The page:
# Cantor space

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Cantor space

In mathematics, the term Cantor space is sometimes used to denotethe topological abstraction of the classical Cantor set:A topological space is aCantor space if it is homeomorphic to the Cantor set.

The Cantor set itself is of course a Cantor space. Butthe canonical example of a Cantor space is the countably infinite topological product of the discrete 2-point space{0, 1}. This is usually written as 2N or 2ω(where 2 denotes the 2-element set{0,1} with the discrete topology).A point in 2N is aninfinite binary sequence, that is a sequence whichassumes only the values 0 or 1. Given such asequence "a"1, "a"2, "a"3,...one can map it to the real number

:$sum_\left\{n=1\right\}^infty frac\left\{2 a_n\right\}\left\{3^n\right\}.$

It is not difficult to see that this mapping is ahomeomorphism from 2N onto the Cantor set, and hence that2N is indeed a Cantor space.

A topological characterization of Cantor spaces is givenby Brouwer's theorem::"Any two non-empty compact Hausdorff spaces without isolated points and having countable bases consisting of clopen sets are homeomorphic to each other". (The topological property of having a base consistingof clopen sets is sometimes known as "zero-dimensionality".)This theorem can be restated as: :"A topological space is a Cantor space if and only if it is non-empty, perfect, compact, totally disconnected, and metrizable." It is also equivalent (via Stone's representation theorem for Boolean algebras)to the fact that any two countable atomless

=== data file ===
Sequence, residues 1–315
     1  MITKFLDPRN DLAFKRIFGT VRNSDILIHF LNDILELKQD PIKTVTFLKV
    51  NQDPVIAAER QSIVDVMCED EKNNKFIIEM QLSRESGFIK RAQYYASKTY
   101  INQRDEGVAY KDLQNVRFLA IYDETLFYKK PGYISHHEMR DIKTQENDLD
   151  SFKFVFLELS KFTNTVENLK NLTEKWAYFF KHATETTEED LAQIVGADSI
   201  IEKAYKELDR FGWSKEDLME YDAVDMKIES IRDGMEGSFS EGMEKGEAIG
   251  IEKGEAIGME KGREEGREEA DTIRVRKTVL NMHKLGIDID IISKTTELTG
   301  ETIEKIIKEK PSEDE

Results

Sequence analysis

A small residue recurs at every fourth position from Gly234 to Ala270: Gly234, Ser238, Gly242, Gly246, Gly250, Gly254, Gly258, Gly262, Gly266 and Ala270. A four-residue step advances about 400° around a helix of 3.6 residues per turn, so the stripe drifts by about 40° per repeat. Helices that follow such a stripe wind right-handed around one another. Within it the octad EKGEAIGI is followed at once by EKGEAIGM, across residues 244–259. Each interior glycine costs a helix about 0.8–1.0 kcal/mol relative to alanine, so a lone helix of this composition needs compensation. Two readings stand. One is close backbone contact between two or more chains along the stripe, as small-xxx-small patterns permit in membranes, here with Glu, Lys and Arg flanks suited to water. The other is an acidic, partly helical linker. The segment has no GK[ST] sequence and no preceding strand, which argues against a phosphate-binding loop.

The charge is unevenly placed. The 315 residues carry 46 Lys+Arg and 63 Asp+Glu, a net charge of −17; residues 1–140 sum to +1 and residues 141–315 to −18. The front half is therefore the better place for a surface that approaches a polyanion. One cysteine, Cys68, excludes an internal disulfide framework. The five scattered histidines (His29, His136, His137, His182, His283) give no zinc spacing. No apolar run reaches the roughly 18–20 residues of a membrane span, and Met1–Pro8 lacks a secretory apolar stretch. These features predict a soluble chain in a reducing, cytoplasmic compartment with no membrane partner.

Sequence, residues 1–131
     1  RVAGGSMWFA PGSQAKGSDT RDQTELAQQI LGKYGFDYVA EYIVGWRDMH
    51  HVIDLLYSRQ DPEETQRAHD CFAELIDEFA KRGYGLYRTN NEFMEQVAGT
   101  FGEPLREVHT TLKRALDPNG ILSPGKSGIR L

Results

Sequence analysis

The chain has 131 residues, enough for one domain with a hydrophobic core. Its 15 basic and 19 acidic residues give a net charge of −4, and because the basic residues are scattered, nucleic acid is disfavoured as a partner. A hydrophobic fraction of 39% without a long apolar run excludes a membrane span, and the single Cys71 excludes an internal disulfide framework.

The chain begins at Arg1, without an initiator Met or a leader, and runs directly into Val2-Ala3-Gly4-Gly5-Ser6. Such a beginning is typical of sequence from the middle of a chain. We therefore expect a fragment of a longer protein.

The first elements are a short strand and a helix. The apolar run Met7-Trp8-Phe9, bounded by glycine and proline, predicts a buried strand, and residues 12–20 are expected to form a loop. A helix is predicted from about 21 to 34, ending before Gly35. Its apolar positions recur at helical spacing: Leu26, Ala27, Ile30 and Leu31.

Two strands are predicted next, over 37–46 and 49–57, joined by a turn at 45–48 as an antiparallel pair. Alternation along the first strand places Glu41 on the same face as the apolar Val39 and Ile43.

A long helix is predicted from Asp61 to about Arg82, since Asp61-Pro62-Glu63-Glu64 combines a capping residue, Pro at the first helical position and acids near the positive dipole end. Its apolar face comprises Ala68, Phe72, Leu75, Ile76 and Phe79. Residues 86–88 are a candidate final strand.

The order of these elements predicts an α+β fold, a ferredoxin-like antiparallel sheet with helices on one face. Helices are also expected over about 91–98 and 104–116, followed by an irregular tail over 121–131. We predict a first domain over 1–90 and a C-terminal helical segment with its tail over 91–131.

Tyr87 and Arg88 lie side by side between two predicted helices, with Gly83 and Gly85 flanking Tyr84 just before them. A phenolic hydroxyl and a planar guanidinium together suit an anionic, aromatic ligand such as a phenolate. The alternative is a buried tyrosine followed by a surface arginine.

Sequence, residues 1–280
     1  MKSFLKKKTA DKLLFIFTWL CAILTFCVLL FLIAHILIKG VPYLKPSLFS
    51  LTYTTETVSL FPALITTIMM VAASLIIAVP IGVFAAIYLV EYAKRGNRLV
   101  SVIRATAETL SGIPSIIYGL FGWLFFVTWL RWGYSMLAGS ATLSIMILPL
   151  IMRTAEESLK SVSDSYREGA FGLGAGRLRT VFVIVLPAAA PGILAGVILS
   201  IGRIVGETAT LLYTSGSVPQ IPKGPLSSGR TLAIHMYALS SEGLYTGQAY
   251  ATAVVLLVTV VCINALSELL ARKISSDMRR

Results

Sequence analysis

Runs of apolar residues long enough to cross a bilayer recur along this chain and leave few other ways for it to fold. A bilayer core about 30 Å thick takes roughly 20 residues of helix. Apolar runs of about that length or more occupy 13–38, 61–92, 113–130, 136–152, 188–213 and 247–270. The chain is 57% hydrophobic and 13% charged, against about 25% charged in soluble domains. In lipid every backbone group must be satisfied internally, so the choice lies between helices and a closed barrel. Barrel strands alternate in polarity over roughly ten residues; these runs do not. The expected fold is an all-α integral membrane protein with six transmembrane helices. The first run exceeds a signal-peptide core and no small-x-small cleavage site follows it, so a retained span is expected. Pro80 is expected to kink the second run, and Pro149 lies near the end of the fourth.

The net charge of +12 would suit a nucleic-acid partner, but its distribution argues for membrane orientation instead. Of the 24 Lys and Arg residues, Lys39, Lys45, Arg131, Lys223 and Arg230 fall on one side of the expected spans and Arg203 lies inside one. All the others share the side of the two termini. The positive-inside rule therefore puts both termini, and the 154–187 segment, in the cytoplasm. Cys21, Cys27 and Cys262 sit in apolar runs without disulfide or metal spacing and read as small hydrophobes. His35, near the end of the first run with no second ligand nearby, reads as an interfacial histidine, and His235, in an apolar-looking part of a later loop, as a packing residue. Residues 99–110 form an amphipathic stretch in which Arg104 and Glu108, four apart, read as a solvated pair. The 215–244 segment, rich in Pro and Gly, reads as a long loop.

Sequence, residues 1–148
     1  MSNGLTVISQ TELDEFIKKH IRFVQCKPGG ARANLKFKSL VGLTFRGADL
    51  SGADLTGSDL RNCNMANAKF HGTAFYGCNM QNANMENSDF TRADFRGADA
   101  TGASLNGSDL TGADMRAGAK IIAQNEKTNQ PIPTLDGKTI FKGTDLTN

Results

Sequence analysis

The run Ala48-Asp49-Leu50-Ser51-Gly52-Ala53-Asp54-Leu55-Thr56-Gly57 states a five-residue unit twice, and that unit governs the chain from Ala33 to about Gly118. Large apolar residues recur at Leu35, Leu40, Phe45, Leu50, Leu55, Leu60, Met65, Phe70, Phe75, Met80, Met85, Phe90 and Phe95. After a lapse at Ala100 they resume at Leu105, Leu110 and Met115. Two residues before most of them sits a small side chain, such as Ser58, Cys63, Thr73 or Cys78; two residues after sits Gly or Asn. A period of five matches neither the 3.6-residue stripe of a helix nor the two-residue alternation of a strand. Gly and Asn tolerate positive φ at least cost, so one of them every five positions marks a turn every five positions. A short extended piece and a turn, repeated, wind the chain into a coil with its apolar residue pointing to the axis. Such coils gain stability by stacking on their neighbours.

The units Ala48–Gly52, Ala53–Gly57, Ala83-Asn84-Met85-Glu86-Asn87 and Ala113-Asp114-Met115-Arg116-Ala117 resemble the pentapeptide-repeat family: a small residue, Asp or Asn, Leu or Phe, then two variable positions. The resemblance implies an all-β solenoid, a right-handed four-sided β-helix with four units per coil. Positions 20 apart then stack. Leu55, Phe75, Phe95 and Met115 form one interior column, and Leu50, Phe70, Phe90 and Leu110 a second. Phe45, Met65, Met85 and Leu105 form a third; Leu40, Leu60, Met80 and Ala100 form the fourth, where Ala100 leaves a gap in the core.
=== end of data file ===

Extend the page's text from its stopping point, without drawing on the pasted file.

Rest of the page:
Boolean algebras are isomorphic.

As can be expected from Brouwer's theorem, Cantor spacesappear in several forms. But it is usually easiest to deal with2N, since because ofits special product form, many topological and otherproperties are brought out very explicitly.

For example, it becomes obvious that the cardinality ofany Cantor space is $2^\left\{aleph_0\right\}$, that is,the cardinality of the continuum. Also clear is thefact that the product of two(or even any finite or countable number of) Cantor spacesis a Cantor space - an important fact about Cantor spaces.

Using this last fact and the Cantor function, it is easyto construct space-filling curves.

Cantor spaces occur in abundance in real analysis.For example they exist as subspaces in every perfect,
complete metric space. (To see this, note that insuch a space, any non-empty perfect set containstwo disjoint non-empty perfect subsets of arbitrarilysmall diameter, and so one can imitate the constructionof the usual Cantor set.) Also, every uncountable,
separable, completely metrizable space containsCantor spaces as subspaces. This includes most ofthe common type of spaces in real analysis.

Compact metric spaces are also closely related toCantor spaces: A Hausdorff topological space is compactmetrizable if and only if it is a continuous imageof a Cantor space.

ee also

*Cantor cube
*Georg Cantor

References

*cite book | author=Kechris, A. | title= Classical Descriptive Set Theory | publisher=Springer | year=1995 | id = ISBN 0-387-94374-9| edition=Graduate Texts in Mathematics 156

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